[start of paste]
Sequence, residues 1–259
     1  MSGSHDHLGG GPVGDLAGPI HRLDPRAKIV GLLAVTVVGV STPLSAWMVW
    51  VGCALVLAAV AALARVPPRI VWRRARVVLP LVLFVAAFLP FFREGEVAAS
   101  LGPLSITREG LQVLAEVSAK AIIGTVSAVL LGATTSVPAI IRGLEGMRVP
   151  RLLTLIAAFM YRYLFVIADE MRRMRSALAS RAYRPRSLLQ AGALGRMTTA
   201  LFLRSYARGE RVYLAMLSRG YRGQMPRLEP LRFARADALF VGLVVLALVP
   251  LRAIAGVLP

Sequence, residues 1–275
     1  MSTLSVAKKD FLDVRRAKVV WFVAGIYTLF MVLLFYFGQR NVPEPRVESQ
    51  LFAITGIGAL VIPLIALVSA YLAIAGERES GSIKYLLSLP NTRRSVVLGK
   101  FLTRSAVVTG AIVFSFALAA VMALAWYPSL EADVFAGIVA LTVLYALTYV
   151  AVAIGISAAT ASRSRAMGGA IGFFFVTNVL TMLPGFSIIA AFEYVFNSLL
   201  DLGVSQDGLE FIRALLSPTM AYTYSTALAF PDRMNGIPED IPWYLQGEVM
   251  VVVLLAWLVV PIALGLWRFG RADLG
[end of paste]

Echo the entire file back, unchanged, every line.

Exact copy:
Sequence, residues 1–259
     1  MSGSHDHLGG GPVGDLAGPI HRLDPRAKIV GLLAVTVVGV STPLSAWMVW
    51  VGCALVLAAV AALARVPPRI VWRRARVVLP LVLFVAAFLP FFREGEVAAS
   101  LGPLSITREG LQVLAEVSAK AIIGTVSAVL LGATTSVPAI IRGLEGMRVP
   151  RLLTLIAAFM YRYLFVIADE MRRMRSALAS RAYRPRSLLQ AGALGRMTTA
   201  LFLRSYARGE RVYLAMLSRG YRGQMPRLEP LRFARADALF VGLVVLALVP
   251  LRAIAGVLP

Sequence, residues 1–275
     1  MSTLSVAKKD FLDVRRAKVV WFVAGIYTLF MVLLFYFGQR NVPEPRVESQ
    51  LFAITGIGAL VIPLIALVSA YLAIAGERES GSIKYLLSLP NTRRSVVLGK
   101  FLTRSAVVTG AIVFSFALAA VMALAWYPSL EADVFAGIVA LTVLYALTYV
   151  AVAIGISAAT ASRSRAMGGA IGFFFVTNVL TMLPGFSIIA AFEYVFNSLL
   201  DLGVSQDGLE FIRALLSPTM AYTYSTALAF PDRMNGIPED IPWYLQGEVM
   251  VVVLLAWLVV PIALGLWRFG RADLG